Keeping It Real

Community theater group production aims to spark conversations about police actions and race


When the then-new North Rosedale Park neighborhood on the northwest side of Detroit decided to allocate 7 acres of land in its center to focus on community, they happened to include a building with a full stage facility. That stage has housed The Park Players for more than six decades and helped the local theater group become a community staple — even if the building’s old electrical system is a little wonky. 

In fact, Archie Lynch, the producer of this November’s play Twilight: Los Angeles 1992, proudly calls The Park Players the “scrappiest” theater company in Detroit. 

“I think there’s something to be said that we’re like the rest of the City of Detroit, and we’re making it happen and have been around without a ton of money,” he says. “In a way, we’re a reflection of the city and I think people appreciate it.”

Still, Lynch is adamant that if they won the lottery, The Park Players would retain their “minimalist” approach, saying that it gives them “street cred” and adds a level of authenticity to their performances. 

They’ve done standard community theater fare like Guys and Dolls and Our Town. But they’ve also specialized in putting on thought-provoking productions like The Laramie Project, a play about the 1998 murder of a gay student in Wyoming.

When it came time for the group to select their fall play, the board of directors wanted to deliver something that was “real.” But this time, it wasn’t just about street cred; it was to raise awareness about police violence in America.

After choosing Twilight: Los Angeles 1992, which chronicles citizens’ reactions during the aftermath of the Rodney King verdict, the Park Players called local acting veteran Lynch Travis to fill the role as director. 

The Tony-nominated production was initially performed in Los Angeles by writer Anna Deavere Smith, but as a one-woman show. Travis made The Park Players’ rendition unique by casting each of the 37 characters.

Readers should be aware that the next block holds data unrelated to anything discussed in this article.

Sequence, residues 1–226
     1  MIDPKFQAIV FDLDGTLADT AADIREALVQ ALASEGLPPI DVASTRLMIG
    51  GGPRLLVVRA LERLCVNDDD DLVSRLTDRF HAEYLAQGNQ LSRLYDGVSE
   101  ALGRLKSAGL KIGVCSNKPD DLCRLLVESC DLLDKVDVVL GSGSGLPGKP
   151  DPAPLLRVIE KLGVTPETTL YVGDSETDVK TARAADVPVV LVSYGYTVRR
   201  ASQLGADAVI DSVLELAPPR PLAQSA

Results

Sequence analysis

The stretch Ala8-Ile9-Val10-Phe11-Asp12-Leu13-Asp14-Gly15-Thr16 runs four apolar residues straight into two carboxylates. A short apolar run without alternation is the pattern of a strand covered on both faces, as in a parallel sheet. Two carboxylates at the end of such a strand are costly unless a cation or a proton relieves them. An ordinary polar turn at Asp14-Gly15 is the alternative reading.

“The play is certainly relevant politically, looking at themes like police brutality and the community’s response to it,” Travis says. “One of my favorite things about this play is that it’s the reactions of average people to what was going on, so they don’t have pre-prepared or politically correct answers to her questions.”

Travis adds that he’s counting on his cast to deliver the “raw honesty” so central to the play’s original performance, and thinks the political parallels will help inspire and engage audience and cast members alike. Similar to the original rendition, Travis’ depiction of Twilight won’t be matching actors with the age, race, gender, or ethnicity of the characters they’re tasked with portraying. He’s hoping this will make audiences stop and think.

“I think this technique will allow the messages to get to the audience, and they’ll be able to get past things like, ‘Oh, he’s just saying that because he’s black,’ or whatever the case may be,” he says. “It also lends itself to theater and allows everyone to use have a deeper freedom and range, so they really have to use a different skillset.” 

Travis believes Twilight is different than what the Players have done in the past, but believes it speaks to the members of the North Rosedale Park and metro Detroit communities. 

“There’s levity and universal appeal because this play speaks to the human condition,” he says. “It’s a very unique type of theater because these monologues are verbatim, but people will still be entertained and engaged.”

The Park Players know performing Twilight isn’t the answer to solving social problems, but Travis hopes it will spark a meaningful discussion. 

In fact, the producer Lynch is organizing a “talk-back” after each performance, where characters will respond to audience questions. He says this is an important step in both starting and continuing what he hopes to be a dialogue on race relations and social justice issues. 

The Park Players have also partnered with the Detroit Coalition Against Police Brutality and will be donating a portion of their ticket sales to the group. 

“Theater sometimes needs to get serious and do something,” Lynch says. “I feel like as a society people are ready. We were kind of stuck in this period of apathy and burnout in the past 20 years and we’re finally ready for that to end.”

Performances will be the weekends of Nov. 13 and 20 at the North Rosedale Park Community House. Show times and ticket information can be found at

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